New Zealand imports about 70% of its milling wheat, the bulk, 90%, of this going into the North Island is sourced from Australia.
As farmers move on from one of the most difficult harvest seasons, New Zealand must address its future food security, NZ grain and seed trade association (NZGSTA) general manager Thomas Chin says.
“All that is going on both in NZ and globally is exposing a very strong case for industry and others to think about NZ food security and security of the supply chain,” Chin said.
“It’s been a tough one for farmers getting the crops harvested and the challenges don’t stop there, right across the industry every sector is counting the costs.”
He said NZ is exposed to volatility and global pricing and must be more self-reliant.
“This is about resilience and a timely reminder to look at NZ-grown, NZ-produced – it’s not just a matter of ploughing up a few more acres, there’s a few more challenges for all of industry to ponder,” he said.
NZ grains and pulses chair Ed Luisetti said the ongoing industry challenges from this season’s poor harvest are still being evaluated.
What is glaringly obvious is that milling wheat will be in short supply.
“Last year milling wheat prices offered resulted in 50% of the normal area being sown, then we had a wet season and wet harvest resulting in germination and poor grain quality, with 50% of milling wheat harvested not meeting the quality standard requirements rendering crops worthless for the mills,” Luisetti said.
“The result is we have 25% of what we normally do in the South Island, where the bulk of the milling wheat is produced.”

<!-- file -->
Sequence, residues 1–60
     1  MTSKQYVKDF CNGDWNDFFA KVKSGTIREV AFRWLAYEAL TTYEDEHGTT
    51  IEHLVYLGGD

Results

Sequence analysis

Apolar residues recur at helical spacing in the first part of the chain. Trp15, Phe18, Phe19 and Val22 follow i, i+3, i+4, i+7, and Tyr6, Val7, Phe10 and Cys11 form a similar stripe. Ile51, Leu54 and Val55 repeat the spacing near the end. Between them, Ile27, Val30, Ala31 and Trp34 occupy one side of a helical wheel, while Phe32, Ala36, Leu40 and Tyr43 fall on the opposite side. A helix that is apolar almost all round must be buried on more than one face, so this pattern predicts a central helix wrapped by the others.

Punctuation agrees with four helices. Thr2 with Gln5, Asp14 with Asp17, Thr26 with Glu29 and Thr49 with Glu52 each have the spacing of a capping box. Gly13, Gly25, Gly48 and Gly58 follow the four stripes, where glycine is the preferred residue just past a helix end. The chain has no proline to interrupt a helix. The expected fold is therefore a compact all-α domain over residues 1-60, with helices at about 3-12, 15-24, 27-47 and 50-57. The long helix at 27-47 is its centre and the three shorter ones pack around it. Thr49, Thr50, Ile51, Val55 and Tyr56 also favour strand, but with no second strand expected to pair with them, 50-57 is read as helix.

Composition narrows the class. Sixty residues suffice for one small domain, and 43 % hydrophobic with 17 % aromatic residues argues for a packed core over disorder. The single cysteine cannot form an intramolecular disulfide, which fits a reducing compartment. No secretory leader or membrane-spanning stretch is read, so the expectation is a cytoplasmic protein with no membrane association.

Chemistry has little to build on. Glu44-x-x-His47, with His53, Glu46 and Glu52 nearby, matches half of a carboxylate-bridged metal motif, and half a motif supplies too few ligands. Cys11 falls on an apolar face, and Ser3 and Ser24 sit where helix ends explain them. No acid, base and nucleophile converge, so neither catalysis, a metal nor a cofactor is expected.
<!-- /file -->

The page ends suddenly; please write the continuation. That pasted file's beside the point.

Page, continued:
If NZ wants to, and it will need to, import the shortfall, then it will be competing in a fierce global market impacted by the Russia-Ukraine conflict.
NZ does not normally import from the Black Sea region but with global sanctions and ships unable to get into ports, countries that would normally get grain from the region are seeking to secure supply elsewhere.
“Prices are skyrocketing and NZ is now competing with countries that are swarming regions, such as Australia, to buy grain,” he said.
“All of this is going to lead to considerable pain in the bread aisle and shopping trolley generally.”
The risk of geo-political uncertainties is also likely to impact on NZ’s seed breeding programmes.
“We have world-leading wheat breeding programmes, including specialist varieties with reduced gluten content and varieties especially bred for climate change resilience,” he said.
“These breeding programmes are at severe risk if NZ continues to import wheat.”
Up until this season, the South Island has been very close to reaching self-sufficiency with the Eat NZ grains initiative. but poor contract pricing and dire harvest has put a spanner in the works.
NZ imports about 70% of its milling wheat, the bulk, 90%, of this going into the North Island is sourced from Australia.
“There could be a surge in interest in growing milling wheat (for the 2022-23 harvest) but that will very much depend on pricing contracts,” he said.
The NZ flourmilling association says flour is used as the basis for many cereal products, including bread, pasta, pastries, cakes and biscuits, while it also plays an important role as an independent ingredient and component in sauces.
Most wheat is purchased on a protein basis as this dictates the potential end use of the flour.
With a lot of rejection of sub-standard grain on arrival at mills this year it will be interesting times, association chair Mark Lawrence says.
“NZ mill wheat will be in short supply and bakers will have to look at adding bread improvers to increase the quality of flour,” Lawrence said.
It will push prices up and inevitably that can’t be absorbed by the mills, so it will have to be passed on to the consumer.
Luisetti said there is also a looming shortage of grasses and clovers in the NZ retail market.
“We know there have been some clover crops that haven’t and won’t be harvested and germinations of some varieties will deem them unsuitable, which will impact on reduced exports,” he said.